Director: Vikram Grover
Cast: Gurpreet Ghuggi, Karamjit Anmol, B.N. Sharma, Damanpreet Singh, Japji Khaira
Manjeet Singh (Gurpreet Ghuggi) is a single parent to two teenage children, son Jaiveer (Damanpreet Singh) and daughter Simran (Tania). Manjeet wants Jaiveer to excel at studies but he rather be a cricketer. That is the story in a nutshell. Given a choice, Manjeet wants his son to become an investment banker, a sure and safer choice to get better return on his investment. The remarkable aspect of the movie is the depiction of lower middle class existence. Manjeet sends his children to an expensive private school under the quota for the underprivileged, but goes to work on a scooter that could down break at any point. The world of and around Manjeet is authentic and relatable.
Manjeet is a well-rounded character. He is proud of his son’s selection in the national junior cricket team. He believes in his talent but not in the system and his distrust is not unfounded. He himself was a good cricketer but the class disparity played a major role in the selection process. Ghuggi does a brilliant job of bringing him to life. His role as Bulara in the 90s TV show Parchhanve cemented his position in the film industry, but it took Punjabi cinema two decades to carve a worthy role for Ghuggi again. BN Bagga (BN Sharma), who plays a moneylender with a soft side also gets an interesting character to play with.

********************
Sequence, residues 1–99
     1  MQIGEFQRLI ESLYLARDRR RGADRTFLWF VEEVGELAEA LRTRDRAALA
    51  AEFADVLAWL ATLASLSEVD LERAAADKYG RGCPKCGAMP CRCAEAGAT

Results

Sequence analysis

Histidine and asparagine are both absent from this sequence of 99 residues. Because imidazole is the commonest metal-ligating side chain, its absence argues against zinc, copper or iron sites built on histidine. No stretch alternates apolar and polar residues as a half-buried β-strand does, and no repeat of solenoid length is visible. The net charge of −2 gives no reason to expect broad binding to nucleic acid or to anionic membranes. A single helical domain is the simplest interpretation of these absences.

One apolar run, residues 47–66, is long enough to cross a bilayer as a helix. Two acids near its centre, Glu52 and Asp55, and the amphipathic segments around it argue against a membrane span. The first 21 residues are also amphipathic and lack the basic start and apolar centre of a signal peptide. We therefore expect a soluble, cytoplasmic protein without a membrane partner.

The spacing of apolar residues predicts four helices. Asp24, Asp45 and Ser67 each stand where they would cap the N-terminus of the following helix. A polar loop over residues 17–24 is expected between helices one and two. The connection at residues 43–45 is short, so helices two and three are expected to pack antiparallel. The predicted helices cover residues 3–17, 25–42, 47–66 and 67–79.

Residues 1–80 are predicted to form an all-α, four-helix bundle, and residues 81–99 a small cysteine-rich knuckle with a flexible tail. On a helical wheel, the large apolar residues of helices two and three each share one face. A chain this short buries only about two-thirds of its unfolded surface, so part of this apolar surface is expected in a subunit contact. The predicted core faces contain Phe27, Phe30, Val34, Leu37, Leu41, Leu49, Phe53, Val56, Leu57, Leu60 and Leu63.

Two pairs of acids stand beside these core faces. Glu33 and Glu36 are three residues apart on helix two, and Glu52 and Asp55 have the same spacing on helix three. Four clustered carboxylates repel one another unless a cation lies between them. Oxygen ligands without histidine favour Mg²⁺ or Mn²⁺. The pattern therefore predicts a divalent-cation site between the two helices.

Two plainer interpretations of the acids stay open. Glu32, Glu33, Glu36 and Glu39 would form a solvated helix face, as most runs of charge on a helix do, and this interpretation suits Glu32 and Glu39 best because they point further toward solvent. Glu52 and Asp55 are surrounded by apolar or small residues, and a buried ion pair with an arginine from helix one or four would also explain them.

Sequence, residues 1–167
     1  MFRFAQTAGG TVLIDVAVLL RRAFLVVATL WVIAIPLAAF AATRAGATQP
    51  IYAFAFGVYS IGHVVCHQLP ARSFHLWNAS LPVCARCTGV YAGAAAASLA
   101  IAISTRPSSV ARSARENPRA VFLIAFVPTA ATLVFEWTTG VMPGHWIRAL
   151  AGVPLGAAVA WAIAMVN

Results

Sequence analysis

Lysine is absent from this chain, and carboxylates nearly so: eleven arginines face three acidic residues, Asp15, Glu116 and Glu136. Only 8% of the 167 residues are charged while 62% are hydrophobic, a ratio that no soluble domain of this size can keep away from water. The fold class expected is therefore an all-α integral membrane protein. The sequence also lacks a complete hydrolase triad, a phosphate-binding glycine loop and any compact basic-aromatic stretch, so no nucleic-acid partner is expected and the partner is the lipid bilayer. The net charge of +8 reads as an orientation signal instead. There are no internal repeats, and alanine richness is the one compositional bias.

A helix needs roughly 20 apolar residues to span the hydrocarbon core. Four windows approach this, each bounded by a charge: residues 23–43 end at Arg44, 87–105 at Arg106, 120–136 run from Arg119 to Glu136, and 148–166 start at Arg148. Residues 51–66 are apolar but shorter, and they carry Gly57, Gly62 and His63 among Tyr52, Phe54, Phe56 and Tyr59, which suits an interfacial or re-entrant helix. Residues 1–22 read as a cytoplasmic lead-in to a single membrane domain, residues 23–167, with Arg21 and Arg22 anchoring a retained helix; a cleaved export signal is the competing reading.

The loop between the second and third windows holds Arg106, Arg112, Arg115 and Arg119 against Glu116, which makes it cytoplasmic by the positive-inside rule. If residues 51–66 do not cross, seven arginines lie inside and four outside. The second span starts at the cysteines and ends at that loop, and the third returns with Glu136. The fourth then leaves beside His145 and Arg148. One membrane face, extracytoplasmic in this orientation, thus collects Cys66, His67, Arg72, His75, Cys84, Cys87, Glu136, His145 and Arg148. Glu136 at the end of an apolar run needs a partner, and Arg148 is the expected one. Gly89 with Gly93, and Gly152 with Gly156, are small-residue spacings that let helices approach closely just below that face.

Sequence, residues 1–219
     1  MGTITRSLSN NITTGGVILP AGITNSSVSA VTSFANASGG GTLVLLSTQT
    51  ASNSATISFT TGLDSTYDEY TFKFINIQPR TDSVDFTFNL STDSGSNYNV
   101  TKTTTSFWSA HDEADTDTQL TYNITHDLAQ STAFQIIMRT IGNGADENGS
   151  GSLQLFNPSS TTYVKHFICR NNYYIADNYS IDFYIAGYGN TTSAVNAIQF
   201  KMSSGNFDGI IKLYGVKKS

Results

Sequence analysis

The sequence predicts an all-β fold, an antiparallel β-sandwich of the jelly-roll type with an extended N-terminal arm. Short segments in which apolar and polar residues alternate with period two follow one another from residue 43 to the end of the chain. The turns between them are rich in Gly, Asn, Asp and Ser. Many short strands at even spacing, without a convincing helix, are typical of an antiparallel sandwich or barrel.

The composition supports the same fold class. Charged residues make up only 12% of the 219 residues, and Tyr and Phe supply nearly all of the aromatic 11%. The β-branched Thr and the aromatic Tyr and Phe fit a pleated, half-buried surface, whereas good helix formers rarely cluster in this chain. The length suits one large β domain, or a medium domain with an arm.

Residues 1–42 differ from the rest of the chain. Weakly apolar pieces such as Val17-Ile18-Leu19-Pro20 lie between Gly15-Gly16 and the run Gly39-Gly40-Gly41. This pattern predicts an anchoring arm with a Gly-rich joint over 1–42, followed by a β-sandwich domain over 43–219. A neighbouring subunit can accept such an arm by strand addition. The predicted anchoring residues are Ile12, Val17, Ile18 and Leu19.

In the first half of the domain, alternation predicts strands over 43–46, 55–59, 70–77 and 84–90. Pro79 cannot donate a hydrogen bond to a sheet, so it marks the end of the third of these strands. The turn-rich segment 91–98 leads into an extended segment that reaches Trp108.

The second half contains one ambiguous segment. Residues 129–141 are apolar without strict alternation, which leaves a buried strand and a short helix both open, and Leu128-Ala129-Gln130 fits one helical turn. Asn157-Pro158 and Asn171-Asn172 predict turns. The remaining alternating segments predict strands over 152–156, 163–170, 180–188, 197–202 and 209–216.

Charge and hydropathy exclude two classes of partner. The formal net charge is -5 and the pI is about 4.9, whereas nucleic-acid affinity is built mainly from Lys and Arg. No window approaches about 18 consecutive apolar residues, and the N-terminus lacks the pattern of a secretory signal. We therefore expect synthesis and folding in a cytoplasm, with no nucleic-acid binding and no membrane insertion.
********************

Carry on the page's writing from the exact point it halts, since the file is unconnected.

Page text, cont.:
There is another subplot to the story. Japji Khaira plays a dancer who lives in the same neighborhood. It seems like a ploy to sneak in an item number in the movie, and then to deliver a moral lecture to the audience. The movie could have done without it.
The movie’s issues with our education system are unbalanced and lack nuance. While the private schools and its teachers are demonized, the parents are shown as powerless victims of the school system. In one scene, Manjeet talks to the chief minister of Punjab and convinces him to reform the system rather easily.
Ghuggi played a devout husband and a pious human being in Ardaas two years ago. After that he ran unsuccessfully for the political office. The number of unnecessary lectures delivered by Ghuggi in the second half point to his own political aspirations. The first half of the movie is evocative but is undone by the second act which is lackadaisical and appears to be a political campaign for Ghuggi.
Damanpreet as the ambitious and clear-thinking Jaiveer also delivers a good performance. When a class teacher humiliates him in front of other students, he chooses studies over cricket for his father. Despite working hard, he is unable to keep up with studies and please his father. This all culminates in a heart-wrenching scene where the father and son end up in a scuffle. That said, all through the second half, I wondered why the movie says it’s about the son of Manjeet Singh, when it’s really about Manjeet Singh only.